It’s a privilege to be an American who works on foreign policy, as I have done since the late 1970s, participating in a small way in the grand project of finding my country’s place in the world. But now, under Barack Obama, decisions made in Washington have dramatically shrunk in importance. It’s unsettling and dismaying. And no longer a privilege.
Whether during the structured Cold War or the chaotic two decades that followed, America’s economic size, technological edge, military prowess, and basic decency meant that, even in its inactivity, in world developments the U.S. government counted as much as or more than any other state. Sniffles in Washington translated into influenza elsewhere.
Weak and largely indifferent presidents like Jimmy Carter and Bill Clinton mattered in spite of themselves, for example in the Iranian revolution of 1978–79 or the Arab–Israeli conflict in the 1990s. Strong and active presidents like Ronald Reagan and George W. Bush had greater impact yet, speeding up the Soviet collapse or invading Afghanistan and Iraq.
Qatar (with a national population of 225,000) has an arguably greater impact on current events than the 1,400-times-larger United States (population: 314 million). Note how Obama these days takes a back seat to the emirs of Doha: They take the lead supplying arms to the Libyan rebels; he follows. They actively help the rebels in Syria; he dithers. They provide billions to the new leadership in Egypt; he stumbles over himself. They unreservedly back Hamas in Gaza; he pursues delusions of an Israeli–Palestinian “peace process.” Toward this end, the U.S. secretary of state made six trips in four months to Israel and the Palestinian territories in pursuit of a diplomatic initiative that almost no one believes will end the Arab–Israeli conflict.
Meanwhile, the U.S. secretary of defense called Egyptian leader Abdul-Fattah al-Sisi 17 times in conversations lasting 60 to 90 minutes, yet failed in his pleas that Sisi desist from using force against the Muslim Brotherhood. More striking yet, Sisi apparently refused to take a phone call from Obama. The $1.5 billion in annual U.S. aid to Egypt suddenly looks paltry in comparison with the $12 billion from three Persian Gulf countries, which promise to make up for any Western cuts in aid. Both sides in Egypt’s deep political divide accuse Obama of favoring the other and execrate his name. As dozens of Coptic churches burned, he played six rounds of golf. Ironically, Egypt is where, four long years ago, Obama delivered a major speech repudiating with seeming triumph George W. Bush’s policies.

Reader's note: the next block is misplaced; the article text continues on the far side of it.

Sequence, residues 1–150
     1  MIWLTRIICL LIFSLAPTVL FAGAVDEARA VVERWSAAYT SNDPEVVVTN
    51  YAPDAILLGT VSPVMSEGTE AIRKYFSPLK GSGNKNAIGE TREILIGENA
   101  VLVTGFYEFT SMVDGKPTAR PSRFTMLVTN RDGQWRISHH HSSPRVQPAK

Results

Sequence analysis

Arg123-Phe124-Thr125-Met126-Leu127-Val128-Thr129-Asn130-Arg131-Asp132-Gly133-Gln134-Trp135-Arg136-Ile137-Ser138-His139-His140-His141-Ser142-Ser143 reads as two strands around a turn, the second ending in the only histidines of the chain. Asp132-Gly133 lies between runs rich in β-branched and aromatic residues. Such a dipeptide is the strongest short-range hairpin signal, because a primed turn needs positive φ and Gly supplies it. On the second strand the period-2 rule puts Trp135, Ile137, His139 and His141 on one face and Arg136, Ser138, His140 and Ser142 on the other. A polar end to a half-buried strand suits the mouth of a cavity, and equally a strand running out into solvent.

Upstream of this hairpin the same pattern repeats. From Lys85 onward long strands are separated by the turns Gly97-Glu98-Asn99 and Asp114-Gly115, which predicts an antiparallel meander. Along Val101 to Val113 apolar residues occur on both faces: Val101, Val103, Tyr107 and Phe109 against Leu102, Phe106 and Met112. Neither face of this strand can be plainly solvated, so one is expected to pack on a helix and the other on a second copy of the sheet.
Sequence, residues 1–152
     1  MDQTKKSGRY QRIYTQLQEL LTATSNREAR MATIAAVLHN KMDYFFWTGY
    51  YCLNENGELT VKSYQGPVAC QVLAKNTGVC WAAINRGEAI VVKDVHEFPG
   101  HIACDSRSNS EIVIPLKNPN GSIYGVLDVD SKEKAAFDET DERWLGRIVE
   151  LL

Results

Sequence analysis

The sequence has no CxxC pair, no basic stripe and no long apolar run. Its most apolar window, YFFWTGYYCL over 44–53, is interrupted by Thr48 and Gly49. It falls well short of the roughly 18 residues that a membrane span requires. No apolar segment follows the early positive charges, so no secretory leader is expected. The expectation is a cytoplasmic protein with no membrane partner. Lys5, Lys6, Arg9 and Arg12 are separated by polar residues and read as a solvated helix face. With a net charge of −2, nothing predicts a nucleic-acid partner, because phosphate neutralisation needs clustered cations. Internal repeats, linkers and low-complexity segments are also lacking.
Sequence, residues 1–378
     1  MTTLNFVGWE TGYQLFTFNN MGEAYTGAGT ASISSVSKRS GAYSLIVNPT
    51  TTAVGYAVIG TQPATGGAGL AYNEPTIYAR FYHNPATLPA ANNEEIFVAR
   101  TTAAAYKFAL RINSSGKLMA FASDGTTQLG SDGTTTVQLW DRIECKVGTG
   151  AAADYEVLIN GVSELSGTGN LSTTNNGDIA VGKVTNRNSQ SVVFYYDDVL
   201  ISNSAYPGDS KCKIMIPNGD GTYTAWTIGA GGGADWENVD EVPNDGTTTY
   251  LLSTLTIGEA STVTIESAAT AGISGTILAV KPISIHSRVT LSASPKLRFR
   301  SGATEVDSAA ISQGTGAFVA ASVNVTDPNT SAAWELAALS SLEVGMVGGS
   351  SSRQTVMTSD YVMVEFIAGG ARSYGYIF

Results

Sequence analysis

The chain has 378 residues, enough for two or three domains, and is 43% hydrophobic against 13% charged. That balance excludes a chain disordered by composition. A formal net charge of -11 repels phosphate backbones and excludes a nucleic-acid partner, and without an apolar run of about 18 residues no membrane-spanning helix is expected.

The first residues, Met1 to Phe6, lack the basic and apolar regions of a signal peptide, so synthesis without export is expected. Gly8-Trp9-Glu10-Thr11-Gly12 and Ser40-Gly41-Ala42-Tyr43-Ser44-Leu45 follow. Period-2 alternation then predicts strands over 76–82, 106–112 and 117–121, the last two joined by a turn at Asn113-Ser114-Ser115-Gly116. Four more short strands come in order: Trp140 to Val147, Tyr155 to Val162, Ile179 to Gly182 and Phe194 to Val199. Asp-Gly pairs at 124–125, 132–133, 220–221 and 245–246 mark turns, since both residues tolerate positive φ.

Obama’s ambitions lie elsewhere — in augmenting the role of government within the United States, as epitomized by Obamacare. Accordingly, he treats foreign policy as an afterthought, an unwelcome burden, and something to dispatch before returning to juicier matters. He oversees withdrawals from Iraq and Afghanistan with little concern for what follows. His unique foreign-policy accomplishment, trumpeted ad nauseam, was the execution of Osama bin Laden.
So far, the cost to American interests for Obama’s ineptitude has not been high. But that could change quickly. Most worrisome, Iran could soon achieve nuclear breakout and start to throw its newfound weight around, if not deploy its brand-new weapons. The new regime in Egypt could revert to its earlier anti-Americanism and anti-Zionism; already, important elements in Egypt are calling for rejection of U.S. aid and termination of the peace treaty with Israel.
To an American who sees his country as a force for good, these developments are painful and scary. The world needs an active, thoughtful, and assertive United States. The historian Walter A. McDougall rightly states that “the creation of the United States of America is the central event of the past four hundred years” and its civilization “perturbs the trajectories of all other civilizations just by existing.” Well, there isn’t so much perturbation these days. May the dismal present be brief in duration.
— Daniel Pipes is president of the Middle East Forum. © 2013 by Daniel Pipes. All rights reserved.